Fender Play is very comparable to other systems when it comes to what’s available for beginners. There is plenty of content and the courses are set out in a way that makes them easy to progress through, with various levels and content clearly marked. It feels like you are on an actual journey, and that’s a great way to learn for complete beginners.
The exact content of your course will naturally depend on the path you have chosen to take. After you sign up, you are presented with a choice of four instruments (acoustic guitar, electric guitar, ukulele and bass), then a selection of styles (including rock, blues, folk and country).
Whatever style you choose, the first Level 1 video is universal – ‘Guitar 101: First Things Fast’, which offers a look at setting up your guitar and familiarizing yourself with the instrument. From there, the next course will throw you straight into playing notes. You can then progress though Level 1 and onto Levels 2, 3, 4 and 5.
This is a straightforward platform and – combined with the easy-to-follow layout, progression system and clear instructors – it offers plenty for beginners to get involved with. Follow this for a few weeks and you are guaranteed to be playing complete songs very soon.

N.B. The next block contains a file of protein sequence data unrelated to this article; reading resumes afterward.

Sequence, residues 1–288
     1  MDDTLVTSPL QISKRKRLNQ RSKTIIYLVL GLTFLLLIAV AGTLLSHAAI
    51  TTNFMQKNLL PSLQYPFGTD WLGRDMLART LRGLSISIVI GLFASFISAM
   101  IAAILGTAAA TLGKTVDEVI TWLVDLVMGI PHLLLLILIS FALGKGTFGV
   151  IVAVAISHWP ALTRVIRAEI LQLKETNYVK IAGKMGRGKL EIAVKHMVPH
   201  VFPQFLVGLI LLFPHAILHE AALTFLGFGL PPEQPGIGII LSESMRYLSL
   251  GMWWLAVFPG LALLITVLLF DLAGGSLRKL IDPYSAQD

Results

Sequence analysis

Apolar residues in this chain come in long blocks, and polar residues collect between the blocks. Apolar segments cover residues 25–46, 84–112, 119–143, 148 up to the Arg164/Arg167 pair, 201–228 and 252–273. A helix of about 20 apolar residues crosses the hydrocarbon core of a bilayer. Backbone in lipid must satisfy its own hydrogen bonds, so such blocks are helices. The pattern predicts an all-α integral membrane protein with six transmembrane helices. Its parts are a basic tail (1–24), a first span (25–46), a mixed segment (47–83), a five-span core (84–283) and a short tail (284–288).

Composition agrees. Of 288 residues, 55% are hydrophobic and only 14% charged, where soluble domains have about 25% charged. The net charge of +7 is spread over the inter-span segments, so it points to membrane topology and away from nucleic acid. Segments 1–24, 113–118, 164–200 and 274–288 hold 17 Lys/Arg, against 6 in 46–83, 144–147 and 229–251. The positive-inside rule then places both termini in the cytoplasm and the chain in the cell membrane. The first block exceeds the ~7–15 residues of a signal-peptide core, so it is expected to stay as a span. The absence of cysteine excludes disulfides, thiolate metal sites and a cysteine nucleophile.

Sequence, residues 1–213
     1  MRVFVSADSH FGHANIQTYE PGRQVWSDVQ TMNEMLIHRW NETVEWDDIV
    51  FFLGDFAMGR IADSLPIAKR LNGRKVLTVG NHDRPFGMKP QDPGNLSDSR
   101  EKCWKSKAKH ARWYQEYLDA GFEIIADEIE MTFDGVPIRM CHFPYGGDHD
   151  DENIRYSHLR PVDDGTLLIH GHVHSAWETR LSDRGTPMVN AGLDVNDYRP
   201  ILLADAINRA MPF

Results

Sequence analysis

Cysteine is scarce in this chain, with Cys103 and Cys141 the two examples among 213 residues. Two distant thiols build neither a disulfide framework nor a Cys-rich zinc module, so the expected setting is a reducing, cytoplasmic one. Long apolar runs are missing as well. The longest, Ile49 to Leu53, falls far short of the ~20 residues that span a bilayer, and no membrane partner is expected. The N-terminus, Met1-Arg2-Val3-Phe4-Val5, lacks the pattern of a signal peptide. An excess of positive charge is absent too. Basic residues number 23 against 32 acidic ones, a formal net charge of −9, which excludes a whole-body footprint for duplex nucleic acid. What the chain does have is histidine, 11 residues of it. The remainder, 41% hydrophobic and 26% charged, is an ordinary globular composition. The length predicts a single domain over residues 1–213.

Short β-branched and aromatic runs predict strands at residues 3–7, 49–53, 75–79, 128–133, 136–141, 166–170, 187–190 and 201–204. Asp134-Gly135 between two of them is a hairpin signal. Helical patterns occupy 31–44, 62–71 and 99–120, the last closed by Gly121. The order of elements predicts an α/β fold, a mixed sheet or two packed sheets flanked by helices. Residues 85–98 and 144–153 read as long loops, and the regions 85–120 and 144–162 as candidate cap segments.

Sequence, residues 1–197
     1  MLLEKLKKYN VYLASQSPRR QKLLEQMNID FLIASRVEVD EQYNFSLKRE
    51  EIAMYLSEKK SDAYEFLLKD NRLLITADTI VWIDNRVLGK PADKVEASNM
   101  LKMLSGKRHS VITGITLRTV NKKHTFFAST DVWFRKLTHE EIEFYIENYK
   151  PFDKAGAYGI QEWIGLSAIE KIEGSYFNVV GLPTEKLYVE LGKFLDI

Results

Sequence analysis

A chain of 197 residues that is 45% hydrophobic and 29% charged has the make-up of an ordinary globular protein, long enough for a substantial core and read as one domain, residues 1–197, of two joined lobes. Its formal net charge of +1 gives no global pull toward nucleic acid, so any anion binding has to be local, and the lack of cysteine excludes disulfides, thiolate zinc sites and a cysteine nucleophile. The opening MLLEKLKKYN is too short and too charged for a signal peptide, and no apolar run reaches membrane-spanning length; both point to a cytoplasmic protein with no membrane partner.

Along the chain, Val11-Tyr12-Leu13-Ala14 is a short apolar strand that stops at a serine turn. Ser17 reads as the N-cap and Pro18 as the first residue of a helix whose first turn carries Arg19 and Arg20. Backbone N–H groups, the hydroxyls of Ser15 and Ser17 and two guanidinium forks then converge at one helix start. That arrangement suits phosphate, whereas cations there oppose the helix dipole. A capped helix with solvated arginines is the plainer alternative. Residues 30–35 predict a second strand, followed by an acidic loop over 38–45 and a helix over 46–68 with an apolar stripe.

Our main gripe when we first reviewed Fender Play was that, being such a new site, it fell short in its content for more advanced players. Sadly, not much has changed.
Of course, more songs and techniques have been added – and there is still some worth for intermediate players who want to learn a new style of guitar – but the content for advanced players is very limited. If you have been playing for more than a few years, there’s not much here for you at the moment.
As we have mentioned, several styles are covered on Fender Play, comprising rock, blues, folk, country and pop, over both acoustic or electric guitar, with a more general course for ukulele.
These will certainly satisfy beginners, although the styles remain a little broad and don’t delve too deeply into the myriad of sub-genres, such as surf rock, gypsy jazz or funk.
Last time, we said ‘watch this space’ and we hope you did, because Fender Play now caters for beginner bassists!
With just rock or funk to choose from, the styles are still a little limited, but you can have two very solid foundation courses for beginners to the instrument. Like guitar, you’ll find the same path comprising five levels, allowing you to get acquainted with the bass guitar with ease.
A bonus is that these bass lessons are included with your Fender Play subscription, which is great if you fancy learning a few different instruments over the course of a year.
Fender Play offers a good list of individual songs to learn in addition to technique lessons. This is great news for guitarists who simply want to add a new song to their repertoire.